What’s in a Snack Pack?

As I was strolling through the grocery store this weekend I found “snack packs” of everything: pudding, crackers, apple slices and cookies. I overheard young children repeatedly asking their parent to buy the cookies because “they were on sale.”  Now, I am guilty of buying snack packs for myself to include in my lunch or have on hand for a quick snack. They’re very convenient for the on-the-go times that are increasingly common these days: parents are busy with late work schedules, taking children to soccer practice, music lessons and making one last stop at the grocery store for milk. Marketing specialists and manufacturers feed into this phenomenon by offering 100-calorie snack packs and lowering the prices of snack packs to less than a buck.

This makes me question what value is placed on snacks these days. The word “snacking” creates the idea that it is bad, a treat or a small amount of food eaten between meals. Experts in the field of nutrition are encouraging people to eat several small meals throughout the day, but they do not use the word “snack” in most of their literature or research findings. It’s about having small meals, or small amounts of the things we know aren’t the best for our health. Young children are always on the move and use energy much quicker than adults, so it is essential that snacks and small meals are provided for children on a regular basis. They need to re-fuel throughout the day to maintain their energy and eagerness to learn.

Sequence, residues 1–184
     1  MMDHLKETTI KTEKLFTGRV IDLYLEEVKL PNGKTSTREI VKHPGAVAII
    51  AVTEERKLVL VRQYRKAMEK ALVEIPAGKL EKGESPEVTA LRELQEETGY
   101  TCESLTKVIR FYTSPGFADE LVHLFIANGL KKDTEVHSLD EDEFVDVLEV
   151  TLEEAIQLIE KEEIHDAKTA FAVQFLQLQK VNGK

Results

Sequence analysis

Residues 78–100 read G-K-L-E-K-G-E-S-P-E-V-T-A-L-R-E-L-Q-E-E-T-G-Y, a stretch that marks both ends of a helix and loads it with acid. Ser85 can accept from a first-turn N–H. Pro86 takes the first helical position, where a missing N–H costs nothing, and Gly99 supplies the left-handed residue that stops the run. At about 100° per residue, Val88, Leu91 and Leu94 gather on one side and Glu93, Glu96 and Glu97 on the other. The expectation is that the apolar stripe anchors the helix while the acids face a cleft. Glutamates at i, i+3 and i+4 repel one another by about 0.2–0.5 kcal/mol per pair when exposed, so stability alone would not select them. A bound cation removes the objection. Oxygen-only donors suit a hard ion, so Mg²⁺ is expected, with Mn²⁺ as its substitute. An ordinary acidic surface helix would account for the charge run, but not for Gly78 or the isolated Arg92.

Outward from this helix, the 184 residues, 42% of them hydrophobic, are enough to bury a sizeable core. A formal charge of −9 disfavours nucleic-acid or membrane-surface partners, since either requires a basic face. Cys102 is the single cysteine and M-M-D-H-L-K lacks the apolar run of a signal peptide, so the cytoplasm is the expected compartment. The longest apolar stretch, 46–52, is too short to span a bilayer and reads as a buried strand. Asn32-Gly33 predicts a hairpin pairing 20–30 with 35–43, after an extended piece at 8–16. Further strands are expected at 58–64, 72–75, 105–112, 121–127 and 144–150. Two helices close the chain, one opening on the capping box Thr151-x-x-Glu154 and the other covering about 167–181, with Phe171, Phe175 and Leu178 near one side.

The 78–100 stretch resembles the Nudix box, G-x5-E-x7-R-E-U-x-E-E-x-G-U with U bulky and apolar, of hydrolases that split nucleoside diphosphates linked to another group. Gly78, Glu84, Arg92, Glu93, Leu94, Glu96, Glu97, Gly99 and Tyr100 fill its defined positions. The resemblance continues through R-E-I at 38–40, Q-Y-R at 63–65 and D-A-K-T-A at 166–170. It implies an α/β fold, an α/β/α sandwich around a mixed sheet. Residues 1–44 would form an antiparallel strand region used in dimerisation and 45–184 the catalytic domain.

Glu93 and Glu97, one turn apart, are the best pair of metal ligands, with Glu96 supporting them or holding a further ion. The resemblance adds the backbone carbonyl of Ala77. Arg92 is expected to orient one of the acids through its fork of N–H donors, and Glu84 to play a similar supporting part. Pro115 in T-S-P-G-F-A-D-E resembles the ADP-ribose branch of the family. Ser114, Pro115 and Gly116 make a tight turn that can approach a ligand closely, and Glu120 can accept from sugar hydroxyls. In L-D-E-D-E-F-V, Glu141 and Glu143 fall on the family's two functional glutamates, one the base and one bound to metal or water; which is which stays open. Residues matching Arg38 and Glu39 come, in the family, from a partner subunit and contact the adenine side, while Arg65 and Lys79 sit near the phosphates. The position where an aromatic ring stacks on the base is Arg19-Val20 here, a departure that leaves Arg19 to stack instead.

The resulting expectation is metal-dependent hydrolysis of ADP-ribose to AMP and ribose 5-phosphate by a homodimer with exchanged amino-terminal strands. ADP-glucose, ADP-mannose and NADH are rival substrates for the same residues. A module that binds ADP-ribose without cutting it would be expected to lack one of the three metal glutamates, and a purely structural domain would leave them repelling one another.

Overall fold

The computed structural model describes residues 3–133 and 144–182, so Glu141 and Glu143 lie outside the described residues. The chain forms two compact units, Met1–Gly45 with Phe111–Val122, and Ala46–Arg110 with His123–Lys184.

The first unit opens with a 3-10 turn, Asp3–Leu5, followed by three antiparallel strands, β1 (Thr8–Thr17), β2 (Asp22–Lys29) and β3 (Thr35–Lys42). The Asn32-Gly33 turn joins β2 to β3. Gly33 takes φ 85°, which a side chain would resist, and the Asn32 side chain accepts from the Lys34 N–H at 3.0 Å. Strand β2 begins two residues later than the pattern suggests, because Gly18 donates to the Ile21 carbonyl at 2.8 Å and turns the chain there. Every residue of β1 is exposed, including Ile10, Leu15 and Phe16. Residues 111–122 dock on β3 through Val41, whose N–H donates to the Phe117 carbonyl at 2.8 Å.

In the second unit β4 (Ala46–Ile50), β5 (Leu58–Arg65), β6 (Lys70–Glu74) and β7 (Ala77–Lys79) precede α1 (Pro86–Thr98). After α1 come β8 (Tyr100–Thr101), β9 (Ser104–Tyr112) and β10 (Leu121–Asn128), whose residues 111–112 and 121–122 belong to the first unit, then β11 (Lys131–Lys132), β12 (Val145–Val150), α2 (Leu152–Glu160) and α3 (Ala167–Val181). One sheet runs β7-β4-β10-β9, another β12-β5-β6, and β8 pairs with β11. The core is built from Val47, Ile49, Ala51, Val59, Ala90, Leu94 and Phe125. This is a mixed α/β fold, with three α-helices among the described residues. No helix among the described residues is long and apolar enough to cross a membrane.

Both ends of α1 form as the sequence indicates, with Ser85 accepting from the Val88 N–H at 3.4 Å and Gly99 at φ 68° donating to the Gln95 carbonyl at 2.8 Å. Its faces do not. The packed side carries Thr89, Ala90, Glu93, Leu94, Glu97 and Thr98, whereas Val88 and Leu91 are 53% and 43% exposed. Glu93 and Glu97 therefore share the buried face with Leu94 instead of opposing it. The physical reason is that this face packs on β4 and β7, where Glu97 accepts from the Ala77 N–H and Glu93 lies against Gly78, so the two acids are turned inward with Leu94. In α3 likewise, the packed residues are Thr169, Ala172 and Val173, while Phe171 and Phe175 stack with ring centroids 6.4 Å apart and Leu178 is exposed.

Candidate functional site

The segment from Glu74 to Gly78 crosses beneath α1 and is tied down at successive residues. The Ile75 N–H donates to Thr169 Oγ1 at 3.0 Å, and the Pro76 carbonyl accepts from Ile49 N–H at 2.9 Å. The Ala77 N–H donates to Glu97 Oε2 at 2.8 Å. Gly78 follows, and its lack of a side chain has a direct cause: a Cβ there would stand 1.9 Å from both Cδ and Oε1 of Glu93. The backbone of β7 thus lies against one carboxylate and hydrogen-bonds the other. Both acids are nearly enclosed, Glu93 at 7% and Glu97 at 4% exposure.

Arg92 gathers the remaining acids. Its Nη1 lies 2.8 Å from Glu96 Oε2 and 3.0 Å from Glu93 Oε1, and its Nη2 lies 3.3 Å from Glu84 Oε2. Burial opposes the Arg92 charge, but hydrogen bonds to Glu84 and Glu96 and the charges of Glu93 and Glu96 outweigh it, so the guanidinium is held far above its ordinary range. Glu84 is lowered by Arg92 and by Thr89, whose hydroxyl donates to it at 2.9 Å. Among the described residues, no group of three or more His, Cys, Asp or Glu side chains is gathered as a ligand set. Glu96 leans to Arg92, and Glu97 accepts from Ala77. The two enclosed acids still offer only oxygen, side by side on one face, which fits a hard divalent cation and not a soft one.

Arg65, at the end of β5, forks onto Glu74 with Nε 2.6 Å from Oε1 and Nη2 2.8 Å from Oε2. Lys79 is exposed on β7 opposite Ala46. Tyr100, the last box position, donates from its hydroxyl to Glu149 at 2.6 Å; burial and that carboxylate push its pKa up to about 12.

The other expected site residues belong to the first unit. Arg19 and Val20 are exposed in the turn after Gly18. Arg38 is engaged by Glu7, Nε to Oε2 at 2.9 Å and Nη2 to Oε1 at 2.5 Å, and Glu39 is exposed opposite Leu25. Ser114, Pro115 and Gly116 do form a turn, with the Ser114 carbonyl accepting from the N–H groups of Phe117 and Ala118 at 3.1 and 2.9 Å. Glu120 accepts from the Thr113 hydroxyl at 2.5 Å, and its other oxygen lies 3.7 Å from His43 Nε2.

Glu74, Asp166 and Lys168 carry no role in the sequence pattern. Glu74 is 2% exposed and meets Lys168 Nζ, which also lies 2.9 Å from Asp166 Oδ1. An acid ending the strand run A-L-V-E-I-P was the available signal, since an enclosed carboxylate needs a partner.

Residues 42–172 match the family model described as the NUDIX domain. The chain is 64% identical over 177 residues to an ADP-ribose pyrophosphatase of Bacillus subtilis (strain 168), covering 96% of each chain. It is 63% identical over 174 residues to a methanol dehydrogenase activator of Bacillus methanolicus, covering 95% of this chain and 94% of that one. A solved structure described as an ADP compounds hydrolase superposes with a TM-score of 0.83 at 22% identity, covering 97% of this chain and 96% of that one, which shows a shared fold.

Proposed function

Mary Bellizzi, an expert with the International Obesity Task Force, estimates that “22 million of the world’s children under 5 are overweight or obese.” As the obesity rate continues to rise we must be conscious of how we view snacking and how many snacks we offer to our children. Are they hungry? Have they asked for something to eat, and if so, what is appropriate to give to them? Take time to think about your eating schedule as well as those of the children in your care. We’ve all heard that we’ll “ruin our dinner” if we have a snack beforehand, so make sure that meals and snacks are provided in a sensible way, following a routine. For instance, in child care centers a morning snack is provided midway between breakfast and lunch, and afternoon snack is offered approximately three hours after lunch. The other thing to bear in mind is that just because these foods are offered doesn’t mean they have to be eaten: children will let you know when they are hungry.

Keep these important suggestions in mind when offering snacks to the children:

  1. Always look for snacks that have high nutritional value (fiber, vitamins, calcium).
  2. Snacks should be dispersed in small amounts.
  3. Snacks should never be used as reward or withheld as punishment.
  4. Snacking should not be a way to keep kids busy.
  5. Re-visit the type of snack offered and broaden snack choices. Some non-traditional “snacks” could be the best option (dried fruit, multi-grain cereal).

The next time you are looking for a snack why not reach for a stalk of celery? These come in “snack packs,” too.